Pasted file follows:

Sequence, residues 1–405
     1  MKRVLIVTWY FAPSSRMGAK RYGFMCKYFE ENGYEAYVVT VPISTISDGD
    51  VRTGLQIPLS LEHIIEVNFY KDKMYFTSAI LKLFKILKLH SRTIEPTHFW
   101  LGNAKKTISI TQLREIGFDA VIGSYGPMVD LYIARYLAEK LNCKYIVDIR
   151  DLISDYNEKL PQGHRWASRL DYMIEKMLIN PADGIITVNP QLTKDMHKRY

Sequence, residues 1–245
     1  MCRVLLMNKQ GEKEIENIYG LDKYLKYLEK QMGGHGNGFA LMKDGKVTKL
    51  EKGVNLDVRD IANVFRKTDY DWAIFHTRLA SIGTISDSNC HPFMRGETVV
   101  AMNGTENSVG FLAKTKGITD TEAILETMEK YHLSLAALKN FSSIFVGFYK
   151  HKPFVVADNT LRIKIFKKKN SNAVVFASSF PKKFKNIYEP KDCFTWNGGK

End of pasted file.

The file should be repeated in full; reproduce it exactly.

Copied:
Sequence, residues 1–405
     1  MKRVLIVTWY FAPSSRMGAK RYGFMCKYFE ENGYEAYVVT VPISTISDGD
    51  VRTGLQIPLS LEHIIEVNFY KDKMYFTSAI LKLFKILKLH SRTIEPTHFW
   101  LGNAKKTISI TQLREIGFDA VIGSYGPMVD LYIARYLAEK LNCKYIVDIR
   151  DLISDYNEKL PQGHRWASRL DYMIEKMLIN PADGIITVNP QLTKDMHKRY

Sequence, residues 1–245
     1  MCRVLLMNKQ GEKEIENIYG LDKYLKYLEK QMGGHGNGFA LMKDGKVTKL
    51  EKGVNLDVRD IANVFRKTDY DWAIFHTRLA SIGTISDSNC HPFMRGETVV
   101  AMNGTENSVG FLAKTKGITD TEAILETMEK YHLSLAALKN FSSIFVGFYK
   151  HKPFVVADNT LRIKIFKKKN SNAVVFASSF PKKFKNIYEP KDCFTWNGGK